No. Such a book doesn’t exist, but I love the popular “for Dummies” series of “how to” books for the same reasons that tens of millions of other people do: everybody wants easy to read information that clearly explains how to do the things they want to do and presents it in an innovative, entertaining fashion. So, when the opportunity presented itself to create this book cover I couldn’t resist.
But, come to think of it, Chester Greenhalgh was really a man ahead of his time when he decided 25 years ago to meticulously detail every element of building a T-Bucket roadster so that “How to Build a T-Bucket Roadster for Under $3000” demystified the process and presented it so clearly that thousands of hot rodders were able to say, “Hey, I can do that — and on a budget, too!”
At the time, there were no established book publishers catering to the hot rod field with such specific information. Most of the books on hot rod construction up until that time were filled with generalities, broad suggestions and lots of filler material. While Ray Sisemore’s pioneering “How to Build a Hot Rod” series that began in Car Craft magazine in 1964 was incredibly detailed for its time, it depended on a lot of components that were much more readily available and inexpensive back then (i.e., $75 Larry Watson paint job) than they were 20 years later, to say nothing of today. And one can’t forget that Ray had the huge advantage at the time of being in beautiful Southern California, where virtually all of those parts could be picked up across a counter at the scores of shops in the Los Angeles area catering to the hot rod market.
Enduring family apprehension and scorn that “nobody in their right mind would ever buy such a book”, Chester Greenhalgh persevered and when his manuscript was finished he used more of the same stubborn initiative that had taken him to that point and he set out to self-publish the now legendary “How to Build a T-Bucket Roadster for Under $3000“. This was in the 1980s before the term “word processing” was even used. Chester had to use such “old school” tools as a Smith-Corona typewriter, “white out” and the editing miracle of the day — correction tape. This was also two decades before anything like Kinko’s had even been conceived.
To say nothing of his personal investment of time and sweat, Chester had to make what was a significant capital investment for an everyday working man to get those first copies printed, bound and ready to take to the local post office to ship to somebody. Oops, we almost forgot. How does a one-man-band hot rod fabricator/painter/author/publisher go about selling his first and only book? Once again, Chester showed his chops as a marketer as well. He designed, orchestrated and photographed an eye-catching cover photo. Then, he designed a print ad that in the only small space available with his tight budget, told a complete, compelling story with a necessary economy of words that motivated prospective T-Bucket builders around the country to write out a letter to Chester saying they wanted to buy his book and including their name, address and payment, then putting it in an envelope with a stamp and putting it in the mailbox. (Man, how things have become so much easier with computers and the Internet).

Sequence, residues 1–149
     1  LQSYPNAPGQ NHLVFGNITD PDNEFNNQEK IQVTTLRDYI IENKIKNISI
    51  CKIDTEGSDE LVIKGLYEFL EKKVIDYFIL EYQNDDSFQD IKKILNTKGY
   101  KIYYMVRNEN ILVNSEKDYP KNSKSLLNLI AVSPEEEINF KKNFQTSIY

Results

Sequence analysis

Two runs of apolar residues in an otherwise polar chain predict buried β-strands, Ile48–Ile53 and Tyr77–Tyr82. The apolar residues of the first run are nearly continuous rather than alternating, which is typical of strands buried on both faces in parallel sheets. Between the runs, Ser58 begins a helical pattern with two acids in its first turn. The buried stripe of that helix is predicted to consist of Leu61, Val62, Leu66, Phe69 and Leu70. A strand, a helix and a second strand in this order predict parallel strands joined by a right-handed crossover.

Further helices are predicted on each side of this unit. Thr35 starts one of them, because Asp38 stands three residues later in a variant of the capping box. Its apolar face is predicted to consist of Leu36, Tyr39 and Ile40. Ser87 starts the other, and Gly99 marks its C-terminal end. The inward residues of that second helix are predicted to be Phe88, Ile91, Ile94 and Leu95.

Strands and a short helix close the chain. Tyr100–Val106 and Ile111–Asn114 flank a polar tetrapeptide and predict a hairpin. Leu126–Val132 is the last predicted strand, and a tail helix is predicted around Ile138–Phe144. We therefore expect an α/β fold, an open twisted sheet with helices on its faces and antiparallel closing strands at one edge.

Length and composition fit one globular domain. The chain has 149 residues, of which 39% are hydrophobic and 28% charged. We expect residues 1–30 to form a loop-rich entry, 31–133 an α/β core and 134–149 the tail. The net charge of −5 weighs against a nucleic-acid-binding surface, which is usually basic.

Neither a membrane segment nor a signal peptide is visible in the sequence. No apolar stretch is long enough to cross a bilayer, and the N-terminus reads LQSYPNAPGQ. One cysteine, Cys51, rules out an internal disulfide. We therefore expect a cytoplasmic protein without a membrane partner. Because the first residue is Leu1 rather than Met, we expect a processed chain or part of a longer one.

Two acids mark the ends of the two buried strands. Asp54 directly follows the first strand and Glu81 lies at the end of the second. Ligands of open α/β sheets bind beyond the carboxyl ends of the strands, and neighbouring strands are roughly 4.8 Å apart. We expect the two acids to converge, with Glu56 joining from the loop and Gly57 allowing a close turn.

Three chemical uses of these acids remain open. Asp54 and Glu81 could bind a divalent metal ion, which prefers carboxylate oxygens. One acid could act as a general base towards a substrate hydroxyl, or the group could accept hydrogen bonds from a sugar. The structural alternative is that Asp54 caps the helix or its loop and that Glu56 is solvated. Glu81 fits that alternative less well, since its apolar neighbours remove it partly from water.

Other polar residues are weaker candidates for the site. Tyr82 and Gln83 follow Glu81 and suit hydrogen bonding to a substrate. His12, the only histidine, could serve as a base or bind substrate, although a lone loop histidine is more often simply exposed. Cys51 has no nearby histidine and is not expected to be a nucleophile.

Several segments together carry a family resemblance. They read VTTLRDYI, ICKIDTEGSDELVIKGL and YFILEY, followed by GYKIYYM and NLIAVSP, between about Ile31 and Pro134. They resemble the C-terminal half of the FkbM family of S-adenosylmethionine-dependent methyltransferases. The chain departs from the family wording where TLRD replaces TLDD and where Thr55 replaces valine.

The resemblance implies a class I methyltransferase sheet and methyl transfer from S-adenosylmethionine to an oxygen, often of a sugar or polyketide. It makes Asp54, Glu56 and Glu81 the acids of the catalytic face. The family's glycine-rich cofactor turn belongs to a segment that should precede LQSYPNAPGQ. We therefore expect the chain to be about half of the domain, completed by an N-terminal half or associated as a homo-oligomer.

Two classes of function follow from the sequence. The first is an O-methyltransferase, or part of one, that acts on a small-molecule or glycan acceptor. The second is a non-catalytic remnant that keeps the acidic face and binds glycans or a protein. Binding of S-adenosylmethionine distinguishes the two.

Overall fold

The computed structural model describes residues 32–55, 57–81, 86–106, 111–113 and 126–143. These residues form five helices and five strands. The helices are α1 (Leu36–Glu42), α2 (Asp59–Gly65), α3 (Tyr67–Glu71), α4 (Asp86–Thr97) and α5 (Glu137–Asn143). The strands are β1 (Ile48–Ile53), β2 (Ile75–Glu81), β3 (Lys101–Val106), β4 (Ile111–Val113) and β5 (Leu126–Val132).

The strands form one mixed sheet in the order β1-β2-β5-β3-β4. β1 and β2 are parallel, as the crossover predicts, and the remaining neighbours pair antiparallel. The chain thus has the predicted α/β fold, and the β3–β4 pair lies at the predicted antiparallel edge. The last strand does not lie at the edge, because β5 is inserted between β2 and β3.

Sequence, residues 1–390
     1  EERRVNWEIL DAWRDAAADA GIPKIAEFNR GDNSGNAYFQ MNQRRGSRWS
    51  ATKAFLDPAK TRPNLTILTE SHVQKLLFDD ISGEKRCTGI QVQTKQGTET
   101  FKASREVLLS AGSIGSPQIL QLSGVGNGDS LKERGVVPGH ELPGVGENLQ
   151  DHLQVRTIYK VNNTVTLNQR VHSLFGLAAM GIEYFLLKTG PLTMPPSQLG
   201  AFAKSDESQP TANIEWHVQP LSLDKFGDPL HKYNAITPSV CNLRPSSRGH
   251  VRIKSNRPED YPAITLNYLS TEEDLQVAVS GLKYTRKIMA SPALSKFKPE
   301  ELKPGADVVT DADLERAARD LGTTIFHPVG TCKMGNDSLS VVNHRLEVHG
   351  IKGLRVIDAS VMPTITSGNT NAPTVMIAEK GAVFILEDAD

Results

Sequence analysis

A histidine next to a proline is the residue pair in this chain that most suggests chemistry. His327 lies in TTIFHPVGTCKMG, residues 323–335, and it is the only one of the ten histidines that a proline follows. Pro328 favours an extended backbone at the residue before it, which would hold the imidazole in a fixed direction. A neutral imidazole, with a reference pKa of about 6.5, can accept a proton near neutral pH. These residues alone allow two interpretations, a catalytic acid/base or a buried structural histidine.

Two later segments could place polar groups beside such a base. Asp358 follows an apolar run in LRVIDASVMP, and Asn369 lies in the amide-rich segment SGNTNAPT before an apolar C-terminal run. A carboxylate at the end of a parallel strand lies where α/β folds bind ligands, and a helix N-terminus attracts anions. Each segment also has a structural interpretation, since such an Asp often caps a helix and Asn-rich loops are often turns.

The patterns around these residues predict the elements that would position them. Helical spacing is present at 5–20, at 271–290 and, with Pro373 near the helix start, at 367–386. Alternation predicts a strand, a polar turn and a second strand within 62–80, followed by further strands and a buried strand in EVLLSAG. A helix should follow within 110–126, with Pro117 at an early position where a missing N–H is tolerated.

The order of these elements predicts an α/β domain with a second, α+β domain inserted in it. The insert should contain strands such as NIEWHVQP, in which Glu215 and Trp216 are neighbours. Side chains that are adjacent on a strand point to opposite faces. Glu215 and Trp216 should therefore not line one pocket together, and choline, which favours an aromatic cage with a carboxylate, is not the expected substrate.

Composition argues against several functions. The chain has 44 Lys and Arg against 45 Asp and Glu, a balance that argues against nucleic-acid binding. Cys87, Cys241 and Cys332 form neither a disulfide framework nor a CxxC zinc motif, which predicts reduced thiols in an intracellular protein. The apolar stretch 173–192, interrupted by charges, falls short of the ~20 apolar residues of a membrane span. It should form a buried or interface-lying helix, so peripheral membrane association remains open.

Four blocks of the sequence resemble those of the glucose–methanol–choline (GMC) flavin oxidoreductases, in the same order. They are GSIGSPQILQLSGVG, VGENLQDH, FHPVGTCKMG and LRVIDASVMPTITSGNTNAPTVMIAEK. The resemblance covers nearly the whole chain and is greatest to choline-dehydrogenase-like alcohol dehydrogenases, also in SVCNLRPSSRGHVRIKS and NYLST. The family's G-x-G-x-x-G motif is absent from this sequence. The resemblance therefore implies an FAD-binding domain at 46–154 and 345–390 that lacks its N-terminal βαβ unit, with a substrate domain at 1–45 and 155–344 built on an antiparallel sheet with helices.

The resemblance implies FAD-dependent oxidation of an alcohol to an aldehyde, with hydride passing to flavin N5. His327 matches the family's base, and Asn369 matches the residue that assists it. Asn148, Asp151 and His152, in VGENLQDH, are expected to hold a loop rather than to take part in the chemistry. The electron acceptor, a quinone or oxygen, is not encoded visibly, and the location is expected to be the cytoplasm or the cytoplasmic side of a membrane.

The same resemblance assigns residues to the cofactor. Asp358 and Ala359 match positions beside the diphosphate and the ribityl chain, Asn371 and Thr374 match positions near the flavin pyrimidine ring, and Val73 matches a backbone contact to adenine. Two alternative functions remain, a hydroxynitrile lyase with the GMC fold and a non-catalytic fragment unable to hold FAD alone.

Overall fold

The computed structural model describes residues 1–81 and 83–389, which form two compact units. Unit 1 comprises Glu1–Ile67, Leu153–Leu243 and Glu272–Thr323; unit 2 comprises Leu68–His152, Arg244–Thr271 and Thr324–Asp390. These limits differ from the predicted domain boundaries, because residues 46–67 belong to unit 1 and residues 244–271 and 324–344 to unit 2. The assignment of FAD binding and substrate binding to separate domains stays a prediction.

Fortunately for Chester (and all of us reading this), his intuition was flawless. There really were lots of guys out there who had always thought about having a hot rod, didn’t have the money to buy one somebody else had built, so were left to build something on their own, with limited dollars, limited tools, and limited access to scarce early Ford parts which had made things so much easier in the 50s and 60s. The most objective evidence of the value of Chester’s pioneering work is that two decades after he published and sold his first book for $19.95, people around the world were ready, willing, able, and happy to pay more than $200 for a copy, knowing it was still a bargain in terms of how much time, frustration and money Chester’s innovative and offbeat techniques would save them.
If you already own a copy of Chester’s original book or our new eBook version, you know what I mean. If you don’t already own a copy, as others have said “it’s the biggest no brainer in the history of mankind”.
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- Chester Greenhalgh Budget Hot Rod How-To Genius, R.I.P. - August 8, 2022
- Tribute to Tom Hintz and his T-Bucket Track Roadster - July 27, 2022
- New Zealand T-Bucket Finds Way Home via Canada - April 9, 2022